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Is Heavy 1st Trimester Prenatal Alcohol Exposure Associated with an Increased Incidence of One or More Subtypes of Offspring Conduct Disorder?

Yeh, No-Lin (2009) Is Heavy 1st Trimester Prenatal Alcohol Exposure Associated with an Increased Incidence of One or More Subtypes of Offspring Conduct Disorder? Master's Thesis, University of Pittsburgh. (Unpublished)

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Children with prenatal alcohol exposure (PAE) tend to show higher rates of conduct disorder (CD), even after the effect of some potentially confounding factors, including parental alcoholism, parental drug abuse, and externalizing disorder, have been taken into account. It is clear that some subgroups of CD may show distinct developmental pathways; for instance, the use of construct of psychopath for subtyping CD children has grown and some research has highlighted a distinction between callous-unemotional traits and highly-impulsive traits. As more and more studies have examined the relationship between PAE and the occurrence of CD, some important questions have been raised. The objective of this study is to determine whether PAE is associated with a specific subtype of CD, or if it is equally associated with both highly impulsive and the callous-unemotional forms of diagnosis. The National Institute of Mental Health Diagnostic Interview Schedule for Children- 4th Edition (DISC-IV) was used to assess the psychiatric disorders and symptoms of 572 children with PAE. Among these 572 children, 67 met the criteria for lifetime diagnosis of CD. We collapsed these children into three groups based on the levels of PAE (unexposed, lightly exposed, heavy exposed). The analyses were conducted to examine the difference of each CD symptoms and clinical information of children. The results suggest that while most of the CD symptoms and clinical information were similar among three groups, the differences of both domains of social impairment and psychiatric treatment in the twelve months preceding the diagnostic interview were statistically significant. Based on the outcome of the analyses, 1ST trimester PAE is associated with an observable increase in the incidence of both callous-unemotional and highly-impulsive subtypes of children with CD, rather than being associated with one or the other of these two subtypes. We would conclude that the CD children with PAE or non-PAE show a similar range of clinical symptoms and subtypes. For public health significance, this might be helpful information for clinicians and public health officials when they discuss the diagnoses or issues about children with PAE. This information may also assist researchers to build an individual and comprehensive intervention for different subtypes of conduct disorder in children.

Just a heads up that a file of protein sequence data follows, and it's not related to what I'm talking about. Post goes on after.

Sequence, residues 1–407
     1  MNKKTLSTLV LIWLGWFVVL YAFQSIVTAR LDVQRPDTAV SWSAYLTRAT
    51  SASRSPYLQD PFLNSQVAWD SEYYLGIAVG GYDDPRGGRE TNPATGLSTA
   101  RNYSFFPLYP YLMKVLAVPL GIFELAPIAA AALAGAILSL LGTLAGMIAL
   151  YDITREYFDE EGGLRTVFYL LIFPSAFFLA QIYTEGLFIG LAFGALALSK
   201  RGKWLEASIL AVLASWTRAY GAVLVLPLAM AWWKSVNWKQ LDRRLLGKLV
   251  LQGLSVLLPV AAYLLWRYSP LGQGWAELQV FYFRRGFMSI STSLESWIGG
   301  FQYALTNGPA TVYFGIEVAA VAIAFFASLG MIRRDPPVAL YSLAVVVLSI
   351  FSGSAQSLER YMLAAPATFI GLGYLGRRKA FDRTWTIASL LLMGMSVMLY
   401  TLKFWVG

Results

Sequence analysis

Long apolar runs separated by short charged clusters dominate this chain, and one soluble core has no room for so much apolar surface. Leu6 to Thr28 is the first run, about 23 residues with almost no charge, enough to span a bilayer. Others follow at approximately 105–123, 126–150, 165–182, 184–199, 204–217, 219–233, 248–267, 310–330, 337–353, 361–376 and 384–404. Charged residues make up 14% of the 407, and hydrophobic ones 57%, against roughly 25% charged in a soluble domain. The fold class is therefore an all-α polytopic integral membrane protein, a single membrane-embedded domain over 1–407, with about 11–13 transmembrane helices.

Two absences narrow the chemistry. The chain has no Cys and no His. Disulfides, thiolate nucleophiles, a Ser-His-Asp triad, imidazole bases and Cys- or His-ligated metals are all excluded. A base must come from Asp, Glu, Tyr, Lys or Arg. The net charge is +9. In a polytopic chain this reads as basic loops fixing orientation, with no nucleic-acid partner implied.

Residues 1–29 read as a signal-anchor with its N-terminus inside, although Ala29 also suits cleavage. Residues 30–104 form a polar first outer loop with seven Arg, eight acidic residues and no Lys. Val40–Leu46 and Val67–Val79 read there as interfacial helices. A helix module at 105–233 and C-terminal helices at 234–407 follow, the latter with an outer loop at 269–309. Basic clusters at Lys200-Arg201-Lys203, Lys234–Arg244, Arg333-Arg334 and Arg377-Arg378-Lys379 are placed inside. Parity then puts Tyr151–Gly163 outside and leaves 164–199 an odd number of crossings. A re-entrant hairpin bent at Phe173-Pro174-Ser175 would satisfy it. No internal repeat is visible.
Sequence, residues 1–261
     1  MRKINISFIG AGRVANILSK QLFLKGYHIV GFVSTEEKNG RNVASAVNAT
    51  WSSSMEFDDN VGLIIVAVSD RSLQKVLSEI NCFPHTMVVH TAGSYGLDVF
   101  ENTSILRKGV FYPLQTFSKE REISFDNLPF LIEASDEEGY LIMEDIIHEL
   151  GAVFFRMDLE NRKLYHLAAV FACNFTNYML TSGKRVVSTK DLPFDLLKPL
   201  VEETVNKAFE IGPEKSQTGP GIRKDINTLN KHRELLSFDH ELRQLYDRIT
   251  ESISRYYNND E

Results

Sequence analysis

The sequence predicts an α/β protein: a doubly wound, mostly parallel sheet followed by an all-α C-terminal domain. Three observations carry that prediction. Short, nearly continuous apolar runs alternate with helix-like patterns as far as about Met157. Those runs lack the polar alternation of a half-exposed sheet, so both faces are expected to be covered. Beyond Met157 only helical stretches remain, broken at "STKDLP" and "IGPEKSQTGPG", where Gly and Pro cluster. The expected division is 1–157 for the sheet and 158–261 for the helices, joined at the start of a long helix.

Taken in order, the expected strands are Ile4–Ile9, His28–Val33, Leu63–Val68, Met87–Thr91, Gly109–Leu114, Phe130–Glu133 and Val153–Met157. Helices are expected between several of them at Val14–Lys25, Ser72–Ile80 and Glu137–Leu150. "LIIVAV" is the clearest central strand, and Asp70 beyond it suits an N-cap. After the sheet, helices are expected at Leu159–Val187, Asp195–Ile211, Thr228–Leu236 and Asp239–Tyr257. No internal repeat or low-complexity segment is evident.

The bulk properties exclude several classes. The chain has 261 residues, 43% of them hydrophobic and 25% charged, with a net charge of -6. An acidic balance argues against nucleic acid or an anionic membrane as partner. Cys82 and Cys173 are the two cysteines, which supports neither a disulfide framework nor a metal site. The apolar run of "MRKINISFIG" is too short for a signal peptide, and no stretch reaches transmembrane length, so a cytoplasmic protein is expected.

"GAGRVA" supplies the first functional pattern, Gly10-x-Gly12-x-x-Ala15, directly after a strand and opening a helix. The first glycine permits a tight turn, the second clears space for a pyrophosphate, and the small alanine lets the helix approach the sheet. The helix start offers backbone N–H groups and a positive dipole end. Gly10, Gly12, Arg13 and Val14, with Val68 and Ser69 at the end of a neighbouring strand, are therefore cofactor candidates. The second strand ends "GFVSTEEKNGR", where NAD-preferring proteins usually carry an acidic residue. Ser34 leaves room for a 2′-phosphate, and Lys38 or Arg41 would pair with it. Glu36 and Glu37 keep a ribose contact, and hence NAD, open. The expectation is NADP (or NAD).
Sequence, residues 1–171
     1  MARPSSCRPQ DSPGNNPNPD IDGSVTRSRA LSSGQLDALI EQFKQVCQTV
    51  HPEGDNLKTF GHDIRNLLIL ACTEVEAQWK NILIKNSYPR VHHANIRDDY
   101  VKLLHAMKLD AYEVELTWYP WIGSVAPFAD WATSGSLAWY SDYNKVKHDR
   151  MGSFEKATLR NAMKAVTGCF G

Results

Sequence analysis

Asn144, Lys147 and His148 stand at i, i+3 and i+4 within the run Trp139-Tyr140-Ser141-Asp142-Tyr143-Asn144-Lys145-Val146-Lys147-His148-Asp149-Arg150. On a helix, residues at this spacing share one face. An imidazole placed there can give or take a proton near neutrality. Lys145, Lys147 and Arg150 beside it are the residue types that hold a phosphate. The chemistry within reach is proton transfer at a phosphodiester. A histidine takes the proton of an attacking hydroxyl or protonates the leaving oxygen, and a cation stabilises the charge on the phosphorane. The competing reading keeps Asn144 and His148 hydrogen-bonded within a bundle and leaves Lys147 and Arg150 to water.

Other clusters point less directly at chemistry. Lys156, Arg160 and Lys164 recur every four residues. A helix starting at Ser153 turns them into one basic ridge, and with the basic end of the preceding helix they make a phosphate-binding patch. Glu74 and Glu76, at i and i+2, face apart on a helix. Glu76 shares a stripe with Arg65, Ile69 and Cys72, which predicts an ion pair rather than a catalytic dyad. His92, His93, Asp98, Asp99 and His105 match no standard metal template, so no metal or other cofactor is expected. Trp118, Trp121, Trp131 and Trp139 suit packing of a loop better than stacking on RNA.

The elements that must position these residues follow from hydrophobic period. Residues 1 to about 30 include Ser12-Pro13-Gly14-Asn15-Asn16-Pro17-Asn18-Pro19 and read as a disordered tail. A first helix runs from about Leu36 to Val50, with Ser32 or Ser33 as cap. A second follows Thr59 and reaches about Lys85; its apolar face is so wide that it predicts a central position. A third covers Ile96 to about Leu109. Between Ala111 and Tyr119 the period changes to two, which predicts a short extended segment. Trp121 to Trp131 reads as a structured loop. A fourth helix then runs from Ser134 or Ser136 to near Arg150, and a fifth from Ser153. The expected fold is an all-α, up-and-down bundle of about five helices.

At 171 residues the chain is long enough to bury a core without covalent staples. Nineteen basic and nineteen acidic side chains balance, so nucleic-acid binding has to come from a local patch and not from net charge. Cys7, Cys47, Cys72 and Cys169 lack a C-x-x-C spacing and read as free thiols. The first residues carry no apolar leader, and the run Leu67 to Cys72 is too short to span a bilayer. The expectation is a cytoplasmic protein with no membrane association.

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Item Type: University of Pittsburgh ETD
Status: Unpublished
CreatorsEmailPitt UsernameORCID
ETD Committee:
TitleMemberEmail AddressPitt UsernameORCID
Committee ChairDay, Richardrdfac@pitt.eduRDFAC
Committee MemberWillford, Jenniferwillford@pitt.eduWILLFORD
Committee MemberWilson, Johnjww@pitt.eduJWW
Date: 28 September 2009
Date Type: Completion
Defense Date: 12 June 2009
Approval Date: 28 September 2009
Submission Date: 10 June 2009
Access Restriction: No restriction; Release the ETD for access worldwide immediately.
Institution: University of Pittsburgh
Schools and Programs: School of Public Health > Biostatistics
Degree: MS - Master of Science
Thesis Type: Master's Thesis
Refereed: Yes
Uncontrolled Keywords: conduct disorder; prenatal alcohol exposure
Other ID:, etd-06102009-230150
Date Deposited: 10 Nov 2011 19:46
Last Modified: 15 Nov 2016 13:44


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